“The first year, I’d get one or two a night,” says Kantor. “I now get about 15 a night. I tell people it has made the job twice as much fun and five times harder. So that’s not an awesome ratio, but it’s still worth doing, because twice as much fun is still twice as much fun.”
The Twitter request line has brought him fans who admit they don’t know the difference between a sacrifice bunt and a ground-rule double. O’Riordan saw her first-ever baseball game at Fenway, sitting in the bleachers in 1986 before a gig across the street. But she met Kantor in New York two years ago, when the Split Squad played a gig there. She started following him on Twitter and would notice a stream of requests on her timeline along with Kantor’s replies.
“ ‘Can’t Hardly Wait’ by the Replacements. You got it. Neutral Milk Hotel? Sure.” O’Riordan says. “What’s happening here? And eventually it sunk in. He’s amazing. You can throw anything at him.”
The “7th-Inning Stretch” arrived soon after Massachusetts residents were advised by Gov. Charlie Baker to stay at home. Kantor and Eaton, an ordained minister whose congregation is Boston’s homeless community, wanted to do something musical for the kids on their street in Cambridge. A friend emailed with a different idea: Why not go online and mark the start of the baseball season?
Though they had no experience with streaming, Kantor and Eaton set up a laptop in their living room, placed a 1981 Fleer card of former Red Sox slugger Jim Rice next to his bobbleheads of former Sox catcher Carlton “Pudge” Fisk and retired Chicago White Sox organist Nancy Faust — she remains one of his heroes, along with Stevie Wonder — and took his spot at the organ. As the show has developed, they upgraded to an iPhone, helping the sound and video quality. Last week, with the audience growing — there were more than 1,400 views for Sunday’s show — Kantor migrated from his personal Facebook page to the newly founded “7th-Inning Stretch.”
“This is a long haul,” says Eaton, known as “Rev. Mary” on the show. “It’s not that we’re bored. It’s that people are working really hard to figure out what to do and are exhausted mentally, physically and spiritually and need to stretch, just to give themselves permission to rest in the middle of the day. To have a respite. We need it.”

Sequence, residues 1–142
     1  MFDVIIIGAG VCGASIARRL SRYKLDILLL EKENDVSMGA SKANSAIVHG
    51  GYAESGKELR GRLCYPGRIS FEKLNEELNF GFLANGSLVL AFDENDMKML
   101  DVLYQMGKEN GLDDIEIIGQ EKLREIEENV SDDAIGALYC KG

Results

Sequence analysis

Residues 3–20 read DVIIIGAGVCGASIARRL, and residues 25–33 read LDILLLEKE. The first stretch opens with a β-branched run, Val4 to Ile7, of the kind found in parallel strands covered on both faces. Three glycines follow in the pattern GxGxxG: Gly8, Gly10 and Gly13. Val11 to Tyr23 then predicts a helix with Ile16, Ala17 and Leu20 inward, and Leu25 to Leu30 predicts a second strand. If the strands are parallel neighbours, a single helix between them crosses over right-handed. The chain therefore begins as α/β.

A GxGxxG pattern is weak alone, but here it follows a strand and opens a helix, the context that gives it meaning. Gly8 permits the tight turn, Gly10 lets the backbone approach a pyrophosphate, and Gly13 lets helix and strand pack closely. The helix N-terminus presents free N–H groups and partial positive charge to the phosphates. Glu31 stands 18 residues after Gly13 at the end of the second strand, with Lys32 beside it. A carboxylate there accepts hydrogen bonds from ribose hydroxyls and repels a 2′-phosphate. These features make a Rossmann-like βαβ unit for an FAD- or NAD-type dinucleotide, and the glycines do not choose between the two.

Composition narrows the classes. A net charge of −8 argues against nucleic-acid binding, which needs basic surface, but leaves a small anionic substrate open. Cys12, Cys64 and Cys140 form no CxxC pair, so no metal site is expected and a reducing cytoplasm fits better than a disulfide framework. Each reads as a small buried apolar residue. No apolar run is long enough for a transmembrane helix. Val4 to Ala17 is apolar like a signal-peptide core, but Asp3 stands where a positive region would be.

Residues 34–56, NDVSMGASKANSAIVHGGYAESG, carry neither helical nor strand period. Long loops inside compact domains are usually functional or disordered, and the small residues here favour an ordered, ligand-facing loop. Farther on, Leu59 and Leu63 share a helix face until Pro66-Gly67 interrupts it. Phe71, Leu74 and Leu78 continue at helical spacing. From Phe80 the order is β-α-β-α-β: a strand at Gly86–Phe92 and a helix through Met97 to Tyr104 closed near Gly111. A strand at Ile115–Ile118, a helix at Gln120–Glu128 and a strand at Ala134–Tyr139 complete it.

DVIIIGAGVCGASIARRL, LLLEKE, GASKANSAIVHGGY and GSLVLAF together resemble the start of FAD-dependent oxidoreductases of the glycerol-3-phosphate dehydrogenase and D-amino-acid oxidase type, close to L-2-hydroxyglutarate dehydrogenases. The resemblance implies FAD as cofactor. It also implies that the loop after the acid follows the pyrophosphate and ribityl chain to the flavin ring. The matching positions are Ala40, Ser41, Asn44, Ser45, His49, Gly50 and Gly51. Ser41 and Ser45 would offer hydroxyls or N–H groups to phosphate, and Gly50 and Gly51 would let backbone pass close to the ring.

That’s been the case for the couple, as well. Because of Eaton’s work — she’s continuing to work with the homeless during the outbreak — the two sleep in separate rooms. During broadcasts, Kantor makes a pitch for donations to FeedingAmerica.org.
(Kantor, who also works part-time at Harvard’s music library, expects this week to start receiving a reduced paycheck, like all Red Sox seasonal employees.)
He has also not ignored the sadness of the moment, while finding a way to offer uplifting musical tributes. On consecutive days, Kantor opened with songs by Bill Withers, who died of heart issues, and Fountains of Wayne’s Adam Schlesinger, who died after contracting the coronavirus.
“Heartbreaking first pitch,” wrote one follower as he played “That Thing You Do!,” Schlesinger’s Beatles-esque song from the 1996 Tom Hanks film of the same name.
For O’Riordan, the former Pogues bassist, Kantor’s “Stretch” has become a new tradition. She’s usually not good at doing the same thing at the same time every day. This is different. She was in the shower and heard the discofied “Spinners” version of “Working My Way Back to You.” Kantor had taken her request that day and churned it out. Her only fear, as Kantor’s feed becomes more popular, is that it’ll be harder for her to get requests in.
“People need this,” she said. “What Josh is doing is vital, psychological medicine for people’s spirits.”